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Wednesday, Mar 12 2014 11:01 PM

JACK BELLOWS: Time to hit the reset button on public employee compensation

I read with great interest the two articles explaining the wonderful golden parachute presented to retiring Undersheriff RoseMary Wahl ("Undersheriff RoseMary Wahl to retire," March 7; "Retiring undersheriff might return on limited basis," March 11). I'm certain that Wahl has served Kern County with integrity during her 30 years of service. I thank her for all of the work she has done on our behalf.

My concern is the fox-guarding-the-chicken-coop culture that has been created with our public service employees in Kern County. It doesn't take a math major to figure out that we cannot afford to keep spending money on lavish retirement packages for all of the "safety" employees on the roster. The Kern County Board of Supervisors set this up years ago when the pension funds were returning 15 percent a year, and the easy concession during contract negotiations was the pension plan. This allowed the supervisors to pass the buck on wages for several years. How can you blame the Kern Law Enforcement Association for accepting the packages on behalf of their members?

Well, the chickens have come home to roost. Our investments no longer result in those great returns of years past. We are required to go deep into our reserves to make up for the promised retirement packages promised in years past. Does anybody besides me think $125,000 a year for retirement at age 51 is crazy? Now we are being told she is so valuable we're going to bring her back part-time as extra help. This will only cost $76,000 a year for 960 hours of work. This is the double-dip we taxpayers love to hear about. This occupation is so stressful that we are told you need to offer early retirement to avoid burnout. Of course, the burnout is easier to handle with a little more compensation.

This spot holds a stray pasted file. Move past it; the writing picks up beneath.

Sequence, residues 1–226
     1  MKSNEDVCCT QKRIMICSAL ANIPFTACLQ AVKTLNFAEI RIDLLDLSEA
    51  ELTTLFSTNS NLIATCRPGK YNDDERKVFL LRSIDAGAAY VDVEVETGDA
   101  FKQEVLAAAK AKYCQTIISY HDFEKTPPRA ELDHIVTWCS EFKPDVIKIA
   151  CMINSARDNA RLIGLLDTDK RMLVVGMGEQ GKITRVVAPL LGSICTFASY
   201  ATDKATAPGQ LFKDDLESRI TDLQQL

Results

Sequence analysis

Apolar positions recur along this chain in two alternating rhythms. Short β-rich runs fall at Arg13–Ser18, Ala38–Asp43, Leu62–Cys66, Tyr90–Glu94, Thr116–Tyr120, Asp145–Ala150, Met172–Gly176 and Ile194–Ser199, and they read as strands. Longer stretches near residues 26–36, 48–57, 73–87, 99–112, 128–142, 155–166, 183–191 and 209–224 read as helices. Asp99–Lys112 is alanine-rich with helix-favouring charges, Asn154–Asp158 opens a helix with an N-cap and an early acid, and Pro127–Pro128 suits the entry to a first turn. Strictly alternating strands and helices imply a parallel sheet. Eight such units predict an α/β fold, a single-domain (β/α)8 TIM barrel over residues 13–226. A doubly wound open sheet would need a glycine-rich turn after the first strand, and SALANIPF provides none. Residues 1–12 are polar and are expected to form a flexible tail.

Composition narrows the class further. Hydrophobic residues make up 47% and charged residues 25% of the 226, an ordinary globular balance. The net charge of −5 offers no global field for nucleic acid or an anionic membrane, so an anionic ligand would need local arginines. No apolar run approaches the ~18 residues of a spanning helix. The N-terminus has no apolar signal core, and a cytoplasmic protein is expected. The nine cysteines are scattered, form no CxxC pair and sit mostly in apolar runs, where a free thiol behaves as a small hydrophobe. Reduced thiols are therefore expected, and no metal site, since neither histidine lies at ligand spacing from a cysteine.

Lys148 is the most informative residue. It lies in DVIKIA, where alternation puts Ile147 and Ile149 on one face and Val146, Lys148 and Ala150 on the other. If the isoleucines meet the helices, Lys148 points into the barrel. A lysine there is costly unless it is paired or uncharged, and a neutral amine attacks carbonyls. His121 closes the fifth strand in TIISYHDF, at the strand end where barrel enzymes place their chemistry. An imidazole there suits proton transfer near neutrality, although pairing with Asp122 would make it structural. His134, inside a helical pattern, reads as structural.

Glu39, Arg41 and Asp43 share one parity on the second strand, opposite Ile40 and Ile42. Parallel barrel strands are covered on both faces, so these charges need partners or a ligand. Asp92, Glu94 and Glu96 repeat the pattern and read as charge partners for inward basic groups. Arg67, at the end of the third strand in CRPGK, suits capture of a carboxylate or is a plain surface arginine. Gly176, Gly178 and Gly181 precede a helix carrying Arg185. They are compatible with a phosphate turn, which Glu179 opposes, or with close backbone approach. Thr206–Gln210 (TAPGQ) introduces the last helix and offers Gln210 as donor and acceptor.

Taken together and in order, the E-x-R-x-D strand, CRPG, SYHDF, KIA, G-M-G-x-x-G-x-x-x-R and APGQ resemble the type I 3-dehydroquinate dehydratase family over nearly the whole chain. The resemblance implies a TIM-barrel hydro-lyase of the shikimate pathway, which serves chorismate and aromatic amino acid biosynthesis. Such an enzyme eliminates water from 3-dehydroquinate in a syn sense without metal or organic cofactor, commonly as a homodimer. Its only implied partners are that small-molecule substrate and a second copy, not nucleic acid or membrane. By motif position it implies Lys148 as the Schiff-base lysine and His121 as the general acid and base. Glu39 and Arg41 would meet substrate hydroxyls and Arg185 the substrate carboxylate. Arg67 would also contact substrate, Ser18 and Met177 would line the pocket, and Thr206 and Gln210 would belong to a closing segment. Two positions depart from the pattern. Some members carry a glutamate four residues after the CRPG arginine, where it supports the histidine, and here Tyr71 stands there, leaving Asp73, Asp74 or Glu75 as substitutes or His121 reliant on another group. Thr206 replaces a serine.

This is just the pensions we're talking about. Please take the time to download the Kern County Administrative Policy and Procedures Manual. It will show how they can accumulate compensatory time off (CTO). This allows them to demure their overtime for extra days off. They can multiply their overtime hours by 1.5 and save it up for a nice extended vacation or use it for a nice payment upon separation.

The vacations start at 96 hours per year for a new employee and gradually increase to 216 hours per year after 15 years of service. That's 5.4 weeks paid vacation. Now add in the eight to 12 days of sick leave and you can really take a nice vacation. The culture at the county permits this. It is expected. Even the department heads take their sick leave each year as extra vacation time. If you start rolling up your CTO time with your un-used sick leave, as well as your vacation leave, you can accrue 672 hours of extra time to enjoy at your convenience or cash it in at your separation.

When are mere private workers going to take control of the tax dollars we spend on these elaborate packages? It wasn't that long ago when public sector employment was compensated at about 80 percent of what you could expect in the private industry. The extra benefits and generous retirement plans was the trade off.

Now, with private industry continually tightening its belt each year, the positions have been reversed. Now the private sector is the one paying 80 percent of what public employees are receiving. We are also fortunate to receive two weeks of paid vacation, and we often pay for our own health care. It is pretty simple logic: When there are more people receiving then there are paying, we're going to go broke. It's time for a reset.

Jack Bellows of Bakersfield is president of a utility and industrial construction corporation. Community Voices is an expanded commentary of 650 to 700 words. The Californian reserves the right to edit all submissions for length and clarity.

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